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« Reply #5 on: January 03, 2013, 11:17:04 PM »
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I guess you could also look at it as simple and to the point Isaac. But hey... feel free to make your own more "concrete" one if you'd like  Wink


Exactly Smiley  Good to see you here Matt.
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Josh-H
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« Reply #6 on: January 04, 2013, 07:11:26 AM »
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I dunno.. I find the mission statement 'to take beautiful pictures in beautiful places' pretty meaningless on its own. I guess a lot depends on one's definition of 'beauty'. It doesn't really matter though; I am sure Matt knows what he means and what he wants to achieve.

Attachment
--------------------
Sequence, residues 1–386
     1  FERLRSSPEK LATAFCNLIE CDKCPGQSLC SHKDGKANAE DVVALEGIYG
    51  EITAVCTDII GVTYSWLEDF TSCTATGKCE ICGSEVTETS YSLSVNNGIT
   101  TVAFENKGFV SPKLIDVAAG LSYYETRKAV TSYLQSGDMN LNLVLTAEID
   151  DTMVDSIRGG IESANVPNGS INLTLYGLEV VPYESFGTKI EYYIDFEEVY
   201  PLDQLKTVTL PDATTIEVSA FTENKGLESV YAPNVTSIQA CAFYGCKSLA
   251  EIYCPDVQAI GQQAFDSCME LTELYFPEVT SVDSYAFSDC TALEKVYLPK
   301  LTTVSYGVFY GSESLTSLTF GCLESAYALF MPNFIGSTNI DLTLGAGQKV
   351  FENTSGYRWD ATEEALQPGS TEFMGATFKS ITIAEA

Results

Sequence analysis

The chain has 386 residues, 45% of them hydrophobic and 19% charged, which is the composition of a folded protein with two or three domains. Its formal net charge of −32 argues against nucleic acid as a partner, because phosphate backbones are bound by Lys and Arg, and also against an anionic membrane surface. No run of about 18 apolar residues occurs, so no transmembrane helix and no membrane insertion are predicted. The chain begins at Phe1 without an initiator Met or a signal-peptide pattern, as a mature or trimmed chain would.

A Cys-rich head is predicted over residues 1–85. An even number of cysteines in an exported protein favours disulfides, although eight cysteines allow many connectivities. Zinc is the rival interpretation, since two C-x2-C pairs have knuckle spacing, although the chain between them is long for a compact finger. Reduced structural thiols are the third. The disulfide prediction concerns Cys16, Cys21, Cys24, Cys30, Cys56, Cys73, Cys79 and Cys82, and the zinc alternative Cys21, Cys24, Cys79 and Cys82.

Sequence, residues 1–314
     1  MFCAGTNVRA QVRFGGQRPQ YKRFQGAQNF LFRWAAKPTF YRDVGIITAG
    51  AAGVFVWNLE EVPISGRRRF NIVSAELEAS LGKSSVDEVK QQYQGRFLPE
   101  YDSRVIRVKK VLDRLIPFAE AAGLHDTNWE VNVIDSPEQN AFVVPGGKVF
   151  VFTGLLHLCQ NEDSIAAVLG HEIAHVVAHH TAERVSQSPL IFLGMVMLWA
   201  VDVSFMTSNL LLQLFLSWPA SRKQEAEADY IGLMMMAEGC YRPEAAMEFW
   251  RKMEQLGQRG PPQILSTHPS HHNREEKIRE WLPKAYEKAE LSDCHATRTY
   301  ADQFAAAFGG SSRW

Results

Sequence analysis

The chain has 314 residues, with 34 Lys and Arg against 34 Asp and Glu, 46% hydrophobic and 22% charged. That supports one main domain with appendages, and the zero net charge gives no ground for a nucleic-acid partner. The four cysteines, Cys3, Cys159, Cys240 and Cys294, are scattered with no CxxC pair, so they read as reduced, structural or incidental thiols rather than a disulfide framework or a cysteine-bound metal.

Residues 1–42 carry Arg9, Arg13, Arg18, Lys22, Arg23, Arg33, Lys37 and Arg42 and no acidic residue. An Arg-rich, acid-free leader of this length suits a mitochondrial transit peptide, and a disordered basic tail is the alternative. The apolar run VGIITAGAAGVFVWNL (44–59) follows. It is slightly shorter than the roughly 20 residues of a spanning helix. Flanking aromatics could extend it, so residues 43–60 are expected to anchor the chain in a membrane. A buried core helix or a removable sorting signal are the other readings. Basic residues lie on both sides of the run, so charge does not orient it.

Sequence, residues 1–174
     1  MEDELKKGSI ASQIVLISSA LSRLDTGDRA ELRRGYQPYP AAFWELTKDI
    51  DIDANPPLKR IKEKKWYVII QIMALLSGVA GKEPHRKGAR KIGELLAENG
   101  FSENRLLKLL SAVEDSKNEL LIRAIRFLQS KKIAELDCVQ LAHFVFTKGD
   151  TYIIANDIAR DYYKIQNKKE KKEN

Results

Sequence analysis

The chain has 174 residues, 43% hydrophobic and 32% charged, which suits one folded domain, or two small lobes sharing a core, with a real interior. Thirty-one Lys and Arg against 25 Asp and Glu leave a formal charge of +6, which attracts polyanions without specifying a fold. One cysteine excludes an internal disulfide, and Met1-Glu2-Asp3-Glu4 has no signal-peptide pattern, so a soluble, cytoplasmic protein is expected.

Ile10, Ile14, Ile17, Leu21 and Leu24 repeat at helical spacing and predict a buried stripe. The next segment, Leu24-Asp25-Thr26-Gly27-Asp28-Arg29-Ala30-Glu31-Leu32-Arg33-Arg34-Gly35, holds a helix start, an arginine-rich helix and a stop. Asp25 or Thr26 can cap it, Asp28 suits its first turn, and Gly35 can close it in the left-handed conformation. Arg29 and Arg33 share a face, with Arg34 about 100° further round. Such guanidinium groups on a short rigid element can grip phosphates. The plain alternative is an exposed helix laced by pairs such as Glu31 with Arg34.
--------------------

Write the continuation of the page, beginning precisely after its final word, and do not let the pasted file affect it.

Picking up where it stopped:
When all is said and done writing down our mission goals is always the first step to achieving them and from looking at Matt's images he has already started down the road....
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Chairman Bill
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« Reply #7 on: January 04, 2013, 07:24:50 AM »
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My mission is to become a better photographer. So I'm saving for a) a D800 & b) a trip to photograph New England lighthouses  Wink
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Isaac
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« Reply #8 on: January 04, 2013, 12:30:46 PM »
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I guess you could also look at it as simple and to the point Isaac.
Did you take any beautiful pictures of beautiful places in 2011, before your mission statement?
Why? To amuse yourself for a couple of hours on business trips? To create something to decorate your home? To promote your professional activities? ...?

You may know what you mean and what you want to achieve but that really isn't in your mission statement.
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B-Ark